If you have a deeper well, get a submersible solar pump. Some submersible solar pumps can run off of batteries or sunlight, making them a great option if you need to access water during extreme weather conditions or during a power outage. If you have the funds to do so, invest in at least two methods to draw water from your well. This ensures that you’re not solely reliant on one type of pump.
Well or sleeve bucket
A well or sleeve bucket is a great option for preppers on a tight budget. Well buckets, also called bullet, cylinder, or torpedo buckets, are skinny buckets that you can lower into the narrow confines of a well casing to draw water to the surface. You can buy one or make your own well bucket.
If you’re choosing the DIY version, you can make a well bucket using supplies like rope and PVC piping. While a homemade well bucket isn’t as voluminous as a store-bought model, it’s just as effective.
- (1) 2-foot section of 1 1/2-inch PVC pipe (sch 40)
- (1) 2-foot section of 2-inch PVC pipe (sch 40)
- (1) 2 inches x 1.5 inches PVC Coupling
- (1) 3/4-inch Spring-loaded one-way coupler (You need to pull the spring out)
- (1) 1 1/2-inch Threaded cap (sch 40)
- (1) 3/4-inch Male adapter CPVC
- (1) 1/4-inch Hex nut
- (1) 1/4-inch Hex nut bolt, 3 inches long
- PVC Primer and Glue
- 100 feet of rope (Or enough to reach into your well with about 10 feet leftover)
- Drill a hole in the cap large enough to fit the 3/4-inch male adapter through.
- Use a knife to fine-tune the hole. Clean it up and enlarge it if necessary.
- Fit the male adapter through the hole. You can also add a metal washer prior.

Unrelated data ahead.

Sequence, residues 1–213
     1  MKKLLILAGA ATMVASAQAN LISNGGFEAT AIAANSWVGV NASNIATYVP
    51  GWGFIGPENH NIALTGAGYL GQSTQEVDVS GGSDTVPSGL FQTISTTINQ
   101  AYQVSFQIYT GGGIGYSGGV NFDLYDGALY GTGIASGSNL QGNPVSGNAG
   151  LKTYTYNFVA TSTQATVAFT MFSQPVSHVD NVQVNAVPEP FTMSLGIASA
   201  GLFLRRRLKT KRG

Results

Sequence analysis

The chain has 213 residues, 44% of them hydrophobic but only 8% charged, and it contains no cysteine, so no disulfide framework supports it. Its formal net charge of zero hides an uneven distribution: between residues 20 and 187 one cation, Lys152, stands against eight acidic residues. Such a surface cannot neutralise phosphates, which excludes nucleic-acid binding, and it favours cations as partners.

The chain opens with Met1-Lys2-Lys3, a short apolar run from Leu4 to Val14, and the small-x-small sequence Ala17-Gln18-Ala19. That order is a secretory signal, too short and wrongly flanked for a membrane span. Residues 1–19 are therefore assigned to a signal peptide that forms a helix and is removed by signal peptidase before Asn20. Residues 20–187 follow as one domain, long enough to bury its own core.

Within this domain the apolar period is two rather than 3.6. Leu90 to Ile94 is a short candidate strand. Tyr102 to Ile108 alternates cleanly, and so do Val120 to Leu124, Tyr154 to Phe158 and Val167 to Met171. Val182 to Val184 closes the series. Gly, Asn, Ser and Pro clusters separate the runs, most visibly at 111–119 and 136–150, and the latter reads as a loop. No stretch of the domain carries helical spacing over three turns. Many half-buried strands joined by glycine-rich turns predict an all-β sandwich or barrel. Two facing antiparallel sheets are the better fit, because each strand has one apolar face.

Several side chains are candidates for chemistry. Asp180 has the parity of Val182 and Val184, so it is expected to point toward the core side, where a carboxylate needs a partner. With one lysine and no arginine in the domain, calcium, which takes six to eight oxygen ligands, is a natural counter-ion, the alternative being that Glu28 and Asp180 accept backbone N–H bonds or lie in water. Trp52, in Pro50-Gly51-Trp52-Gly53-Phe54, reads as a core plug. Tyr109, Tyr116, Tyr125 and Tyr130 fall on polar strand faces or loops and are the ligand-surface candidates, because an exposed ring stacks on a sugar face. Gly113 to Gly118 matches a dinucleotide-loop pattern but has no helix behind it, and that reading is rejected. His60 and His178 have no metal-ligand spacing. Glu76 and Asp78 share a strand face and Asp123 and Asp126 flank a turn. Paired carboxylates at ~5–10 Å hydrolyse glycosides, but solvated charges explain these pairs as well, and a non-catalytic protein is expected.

- Remove the spring from the one-way coupler. You don’t want it to stay open because it has to close from the water pressure when you pull the well bucket up.
- On the top of the 2-inch pipe, drill two holes directly opposite one another to insert the bolt. This is where you will tie the rope to raise and lower the bucket.
- Dry fit the parts and cut the 2-inch pipe to your preferred bucket length.
- Use primer and glue to secure the PVC parts together. Press the parts tightly for a minute to allow the glue to set without pushing the pipes apart.
- Insert the bolt and secure the rope to the bolt.
- Let the glue cure for two hours, after which the well bucket is ready to use.
Note that if you want to use a well bucket, you have to remove your submersible pump to access the water.
A wind turbine will depend on the weather, but you can use it to pump water to a holding tank that will then be transported to your home by gravity using a hydraulic ram or high lifter system.
Alternatively, you can hook up a wind turbine to solar panels so you have two alternative power sources when SHTF. While a wind-powered pump requires an investment of several hundred dollars, you’re getting a reliable power source that costs very little to run and maintain.
With alternative energy sources like wind or solar power, you can draw water from your well even if the grid goes down. However, severe weather conditions like heavy rain or gale-force winds can disrupt your electricity supply and alternative sources. This may cut off your water supply.
If you want a reliable and sustainable way of getting water from your well that uses gravity or manpower, choose a hydraulic ram system or a hand pump to draw water without electricity.